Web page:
Since we were having a heat wave I decided to make iced tea because I thought that might be refreshing. I couldn’t find a recipe so decided to make one up. It worked well:

Make a strong pot of tea with 2 builder’s teabags and 2 mint teabags – brew for 5 mins

Simmer sprigs of mint, the juice of a lemon and half of its zest, half a cup of sugar and a couple of pints or so of water for 5 mins

Let tea and concoction cool a bit before pouring everything into a very large jug with more mint sprigs and lemon zest – when it eventually chilled, it was delicious.

I had a surge of production before school broke up on Friday and finished piecing the orange and pink quilt. There was some fiddling and cheating to get the piano keys to look good at the top corner then I had a brainwave of running a stay-stitch all around the outside edge to stop it from stretching or falling apart – I don’t know why I never thought of it before! I decided that the central Lonestar section looked a bit full and I am far too lazy to attempt trapunto so I have rashly set up 2 layers of the new Quilter’s Dream Puff on the quilt frame – it looks very puffy.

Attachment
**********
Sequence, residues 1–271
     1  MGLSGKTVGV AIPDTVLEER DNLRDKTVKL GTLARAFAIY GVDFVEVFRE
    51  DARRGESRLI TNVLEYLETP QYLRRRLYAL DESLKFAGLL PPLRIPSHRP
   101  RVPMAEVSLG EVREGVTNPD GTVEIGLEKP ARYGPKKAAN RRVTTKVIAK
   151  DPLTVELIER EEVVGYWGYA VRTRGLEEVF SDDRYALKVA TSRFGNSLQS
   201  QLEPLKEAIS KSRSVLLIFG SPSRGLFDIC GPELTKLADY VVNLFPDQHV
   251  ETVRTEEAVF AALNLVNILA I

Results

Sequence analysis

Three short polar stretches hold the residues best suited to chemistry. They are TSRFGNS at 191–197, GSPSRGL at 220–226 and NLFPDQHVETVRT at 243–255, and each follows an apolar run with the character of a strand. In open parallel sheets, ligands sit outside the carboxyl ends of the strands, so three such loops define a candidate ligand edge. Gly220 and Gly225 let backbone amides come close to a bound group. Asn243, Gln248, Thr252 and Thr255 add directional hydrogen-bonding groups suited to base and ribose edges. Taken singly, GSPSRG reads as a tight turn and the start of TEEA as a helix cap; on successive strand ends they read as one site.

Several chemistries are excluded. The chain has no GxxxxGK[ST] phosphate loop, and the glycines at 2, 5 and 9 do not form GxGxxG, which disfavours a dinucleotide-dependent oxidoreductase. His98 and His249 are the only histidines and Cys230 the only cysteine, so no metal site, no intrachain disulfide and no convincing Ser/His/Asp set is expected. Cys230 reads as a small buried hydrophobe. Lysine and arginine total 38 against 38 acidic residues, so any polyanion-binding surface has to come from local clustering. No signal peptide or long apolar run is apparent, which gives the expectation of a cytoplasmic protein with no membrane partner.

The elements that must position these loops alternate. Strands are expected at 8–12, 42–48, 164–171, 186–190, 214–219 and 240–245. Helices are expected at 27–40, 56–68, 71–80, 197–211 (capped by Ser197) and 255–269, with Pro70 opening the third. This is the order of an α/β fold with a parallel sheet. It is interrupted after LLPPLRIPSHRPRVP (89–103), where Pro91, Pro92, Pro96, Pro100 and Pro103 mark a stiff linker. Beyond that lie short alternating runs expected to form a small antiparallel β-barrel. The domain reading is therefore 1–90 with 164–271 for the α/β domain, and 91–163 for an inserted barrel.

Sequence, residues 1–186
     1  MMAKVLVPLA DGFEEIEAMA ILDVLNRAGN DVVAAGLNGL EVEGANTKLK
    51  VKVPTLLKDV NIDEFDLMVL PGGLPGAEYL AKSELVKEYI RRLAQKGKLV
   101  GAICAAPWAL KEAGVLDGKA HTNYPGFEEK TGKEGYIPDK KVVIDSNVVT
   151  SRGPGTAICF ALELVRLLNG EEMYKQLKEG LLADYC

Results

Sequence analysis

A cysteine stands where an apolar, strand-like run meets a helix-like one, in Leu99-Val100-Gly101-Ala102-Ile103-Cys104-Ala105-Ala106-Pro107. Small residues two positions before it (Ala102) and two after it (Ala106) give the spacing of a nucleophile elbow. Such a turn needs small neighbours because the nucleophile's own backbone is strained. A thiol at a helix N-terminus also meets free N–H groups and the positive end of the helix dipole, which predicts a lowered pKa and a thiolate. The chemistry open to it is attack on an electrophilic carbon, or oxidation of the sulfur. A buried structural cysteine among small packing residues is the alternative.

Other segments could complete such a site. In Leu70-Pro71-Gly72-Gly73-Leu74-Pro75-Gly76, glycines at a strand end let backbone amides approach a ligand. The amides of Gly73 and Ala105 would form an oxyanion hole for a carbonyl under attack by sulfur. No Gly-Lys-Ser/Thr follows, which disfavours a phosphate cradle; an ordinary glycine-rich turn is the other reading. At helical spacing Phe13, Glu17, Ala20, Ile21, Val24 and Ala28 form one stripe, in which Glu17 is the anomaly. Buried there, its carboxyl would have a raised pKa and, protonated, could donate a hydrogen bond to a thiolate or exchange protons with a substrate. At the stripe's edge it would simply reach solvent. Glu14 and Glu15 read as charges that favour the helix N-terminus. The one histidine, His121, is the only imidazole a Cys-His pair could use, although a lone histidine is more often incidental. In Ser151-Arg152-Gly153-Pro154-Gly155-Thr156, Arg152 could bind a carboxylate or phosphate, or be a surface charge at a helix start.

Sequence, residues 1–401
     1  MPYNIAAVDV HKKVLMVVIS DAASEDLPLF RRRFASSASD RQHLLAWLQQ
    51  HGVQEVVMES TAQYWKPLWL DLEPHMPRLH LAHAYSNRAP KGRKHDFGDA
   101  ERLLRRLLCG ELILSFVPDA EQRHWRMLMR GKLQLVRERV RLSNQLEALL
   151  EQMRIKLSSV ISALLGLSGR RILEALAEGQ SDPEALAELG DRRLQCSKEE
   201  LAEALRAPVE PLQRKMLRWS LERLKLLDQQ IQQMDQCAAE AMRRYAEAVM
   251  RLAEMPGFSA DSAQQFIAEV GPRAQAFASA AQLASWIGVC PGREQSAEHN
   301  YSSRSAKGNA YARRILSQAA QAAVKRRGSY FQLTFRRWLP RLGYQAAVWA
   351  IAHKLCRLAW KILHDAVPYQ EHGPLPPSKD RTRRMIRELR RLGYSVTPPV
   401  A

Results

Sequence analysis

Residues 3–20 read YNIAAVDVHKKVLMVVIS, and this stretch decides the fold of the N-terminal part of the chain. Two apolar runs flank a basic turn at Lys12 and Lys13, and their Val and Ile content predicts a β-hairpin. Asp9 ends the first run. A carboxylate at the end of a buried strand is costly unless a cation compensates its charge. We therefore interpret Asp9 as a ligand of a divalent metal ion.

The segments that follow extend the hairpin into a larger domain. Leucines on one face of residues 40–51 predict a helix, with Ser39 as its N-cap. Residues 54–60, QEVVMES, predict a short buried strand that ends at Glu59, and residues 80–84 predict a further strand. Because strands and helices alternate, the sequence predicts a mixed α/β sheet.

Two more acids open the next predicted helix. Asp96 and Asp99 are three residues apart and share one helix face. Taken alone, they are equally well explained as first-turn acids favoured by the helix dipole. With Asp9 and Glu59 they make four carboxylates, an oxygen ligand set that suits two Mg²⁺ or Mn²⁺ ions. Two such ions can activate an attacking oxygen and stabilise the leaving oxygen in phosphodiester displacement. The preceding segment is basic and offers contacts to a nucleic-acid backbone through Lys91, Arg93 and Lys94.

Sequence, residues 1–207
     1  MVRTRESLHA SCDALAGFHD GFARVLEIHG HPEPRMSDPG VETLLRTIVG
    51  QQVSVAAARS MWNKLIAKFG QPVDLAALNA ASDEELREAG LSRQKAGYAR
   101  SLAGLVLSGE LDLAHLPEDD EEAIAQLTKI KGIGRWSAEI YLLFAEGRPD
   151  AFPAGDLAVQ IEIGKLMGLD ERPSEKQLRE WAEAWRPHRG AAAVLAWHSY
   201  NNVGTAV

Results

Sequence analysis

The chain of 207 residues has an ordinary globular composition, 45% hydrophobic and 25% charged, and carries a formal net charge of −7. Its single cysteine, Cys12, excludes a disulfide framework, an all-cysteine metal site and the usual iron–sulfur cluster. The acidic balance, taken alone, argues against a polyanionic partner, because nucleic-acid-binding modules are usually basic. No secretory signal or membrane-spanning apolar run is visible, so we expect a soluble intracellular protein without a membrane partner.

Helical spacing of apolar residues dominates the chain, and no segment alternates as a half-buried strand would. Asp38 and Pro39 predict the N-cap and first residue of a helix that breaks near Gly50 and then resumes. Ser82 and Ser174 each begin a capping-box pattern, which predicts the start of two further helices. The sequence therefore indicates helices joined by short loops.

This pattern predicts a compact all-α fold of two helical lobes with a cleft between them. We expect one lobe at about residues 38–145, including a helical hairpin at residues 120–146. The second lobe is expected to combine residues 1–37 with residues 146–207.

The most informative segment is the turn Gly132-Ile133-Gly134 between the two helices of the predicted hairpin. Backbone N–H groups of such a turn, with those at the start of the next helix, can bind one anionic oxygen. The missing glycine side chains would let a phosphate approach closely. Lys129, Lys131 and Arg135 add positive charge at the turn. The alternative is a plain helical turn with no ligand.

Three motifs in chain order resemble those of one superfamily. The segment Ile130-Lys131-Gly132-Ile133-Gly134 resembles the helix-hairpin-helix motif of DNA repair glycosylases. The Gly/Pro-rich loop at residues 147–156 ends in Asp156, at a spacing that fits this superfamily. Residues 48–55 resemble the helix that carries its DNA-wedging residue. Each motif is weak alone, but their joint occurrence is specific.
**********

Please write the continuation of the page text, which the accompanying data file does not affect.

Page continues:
After my frenzy of quilt finishing and tension troubles I treated the machine to a really good clean. The penny dropped that the rubbing alcohol the Americans talk about for cleaning the rails must be surgical spirit. The workshop got a good clear-out too so now I’m ready to have some fun on the pink and orange “duvet”.

I spent the day helping Fergus to work on his Birmingham quilt. Working with my children is very frustrating – they do not work as fast or efficiently as I do, especially when I have a million things to do. They also get bored. I know I am a compete slave driver but I can’t afford for the project to be put on one side and forgotten about.

We had to print and trace the famous wave painting then colour it in. The first paddy involved felt pens that had dried up so we switched to watercolour pencils. We thought that the picture would have to be a mirror image but if I had read the T-shirt transfer instructions properly, I would have seen that this does not work like that and may have avoided wasting 2 sheets. The drawing had to be scanned in and printed onto transfer paper the right way round. Leftover log cabin strips were added and soon the mini quilt was made – A2 is definitely big enough for a child to tackle. We decided to draw some curves on the back with a bendy ruler and fill them in with the DSM using the foot as a guide. This took some time and steering – Fergus likes using the sewing machine but also likes to fiddle with the settings and the height adjustable chair. It is looking really good but now he has some hand-sewing to do with tiny pearls. I wonder how long it will be before he gets bored – a bribe may have to be used at some point!